Ms. Sax is a freelance writer based in Chevy Chase, Md.
Working with the public can be a challenge, but for this month's RESPy Award winner, Lisa Adams, it is what she enjoys most about her pharmacy training. Adams, in her last year at the University of North Carolina (UNC) at Chapel Hill School of Pharmacy, believes that it is very important to understand "where your patient is coming from and how they are feeling."
In her current rotation at Rural Health Group, a federally funded ambulatory care clinic, she treats underprivileged patients who are underserved by health services. It can be a challenge.
"Many of the patients cannot read, and they really do not understand some of the issues they face when it comes to their medication," said Adams. She believes that her background (she comes from a small, rural community) gives her an advantage in communicating with patients. "When I can reach them and see that lightbulb go on, it makes me feel like I have made a big impact," she said.
The lightbulb does not always go on. "I am working with a patient who will not take his anticoagulant meds because he is afraid he will spontaneously bleed out. He is not at risk of that, but since he is not taking his medication, he is at high risk of stroke or heart attack. If I can get through to this patient, it would make my year," she said.
Adams remains determined and focused on success-a professional who is always up for a challenge. "We will sometimes have an unruly customer come in, and everyone will run in the back and hide," she said. "Not me. I look at it as a chance to make that customer's trip to the pharmacy a success. There is a reason that customer is disgruntled. They need their meds, they are sick, and they need someone to help them."
Too often, Adams said, health care professionals are not spending enough time with patients. "Working with patients is the only thing that got me through pharmacy school," she said. "The constant interaction and the fact that patients look to you for advice.... You can have a huge impact on a patient's health."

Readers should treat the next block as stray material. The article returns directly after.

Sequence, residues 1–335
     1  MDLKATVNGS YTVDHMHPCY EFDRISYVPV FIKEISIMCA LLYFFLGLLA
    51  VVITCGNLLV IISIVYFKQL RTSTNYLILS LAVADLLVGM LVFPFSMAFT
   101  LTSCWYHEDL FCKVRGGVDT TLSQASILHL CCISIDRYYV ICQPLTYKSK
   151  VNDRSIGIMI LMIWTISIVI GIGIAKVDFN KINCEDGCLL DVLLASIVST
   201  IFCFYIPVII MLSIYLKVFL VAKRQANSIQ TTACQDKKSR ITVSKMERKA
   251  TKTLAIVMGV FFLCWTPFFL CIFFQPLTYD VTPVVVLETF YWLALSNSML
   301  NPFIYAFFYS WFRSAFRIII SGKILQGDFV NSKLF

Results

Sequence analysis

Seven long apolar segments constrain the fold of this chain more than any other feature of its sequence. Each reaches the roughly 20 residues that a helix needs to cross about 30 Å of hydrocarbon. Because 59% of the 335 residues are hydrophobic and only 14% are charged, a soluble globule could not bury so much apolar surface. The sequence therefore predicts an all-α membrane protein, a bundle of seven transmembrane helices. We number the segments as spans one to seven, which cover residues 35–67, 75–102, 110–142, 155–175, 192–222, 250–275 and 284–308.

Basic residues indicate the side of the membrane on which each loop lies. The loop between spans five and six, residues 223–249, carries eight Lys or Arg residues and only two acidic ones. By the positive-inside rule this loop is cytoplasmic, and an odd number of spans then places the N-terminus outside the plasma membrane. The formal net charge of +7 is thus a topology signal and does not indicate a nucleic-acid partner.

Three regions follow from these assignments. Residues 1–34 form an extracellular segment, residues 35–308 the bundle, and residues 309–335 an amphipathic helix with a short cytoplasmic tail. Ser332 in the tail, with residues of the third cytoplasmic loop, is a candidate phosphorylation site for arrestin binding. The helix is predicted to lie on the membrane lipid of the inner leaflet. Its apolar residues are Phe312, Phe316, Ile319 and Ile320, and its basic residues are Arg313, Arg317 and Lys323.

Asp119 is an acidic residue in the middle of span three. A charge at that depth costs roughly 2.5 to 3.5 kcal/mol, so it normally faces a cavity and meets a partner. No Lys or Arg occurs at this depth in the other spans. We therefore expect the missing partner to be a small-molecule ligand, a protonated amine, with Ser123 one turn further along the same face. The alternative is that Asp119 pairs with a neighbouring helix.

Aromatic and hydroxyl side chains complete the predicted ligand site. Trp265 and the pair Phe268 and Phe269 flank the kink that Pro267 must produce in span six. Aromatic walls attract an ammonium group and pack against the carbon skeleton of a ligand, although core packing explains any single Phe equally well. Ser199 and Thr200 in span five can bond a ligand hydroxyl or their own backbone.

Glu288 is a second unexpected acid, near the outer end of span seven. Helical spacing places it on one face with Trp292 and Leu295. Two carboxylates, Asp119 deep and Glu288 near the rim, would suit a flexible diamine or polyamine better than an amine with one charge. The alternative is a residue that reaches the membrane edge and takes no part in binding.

Adams certainly makes an impact on her patients. "Working with the public is one of her greatest strengths," said Stefanie Ferreri, PharmD, CDE, clinical assistant professor and director of the community pharmacy residency program at UNC School of Pharmacy. "She has tons of patience. Her caring attitude and exceptional customer service skills keep patients coming back to her store."
In her nomination letter for Adams, Dr. Ferreri also described the many volunteer efforts in which Adams has participated. At UNC, she has been involved in a student volunteer organization called Student Health Action Coalition, through which she helped with a program called "Reach Out and Read" at a medically underserved health clinic. She also has been involved with a program called "Taking Action by Service" for 2 years, where she volunteers to play bingo at a retirement community, and spends time at the UNC Pediatric activities hours.
Adams believes that reforms in health care are needed to ensure that patients are getting the care and information they need."I think we need to switch to a preventive care paradigm," she said. "I also think we need to unite for grassroots legislative efforts to address poor reimbursement."
Helping to make that happen is very important to Adams. "I want to be a champion of my profession for my colleagues," she said. "Medicare Part D should not be where it is, and I want to be a resource for other pharmacists to get them involved in changing that. Now is their time to be active."
University of North Carolina at Chapel Hill
The University of North Carolina (UNC) at Chapel Hill School of Pharmacy has built a reputation for cutting-edge research, rigorous programs, and outstanding faculty, staff, and students. Founded in 1897, the UNC pharmacy school is the only public school of pharmacy in the state and one of the oldest in the nation.
The school provides students with a wide range of opportunities. U.S. News & World Report ranks the school's PharmD program in the top 3 in the nation. In 2006, the school received more than $8.2 million in funding from the National Institutes of Health, ranking eighth among the nation's pharmacy schools.
The school's proximity to Research Triangle Park, an international center for pharmaceutical research and development, affords students with unique opportunities. Faculty and students are actively involved in research projects ranging from the discovery of new drugs to assessments of the efficacy of existing drugs and treatment regimens.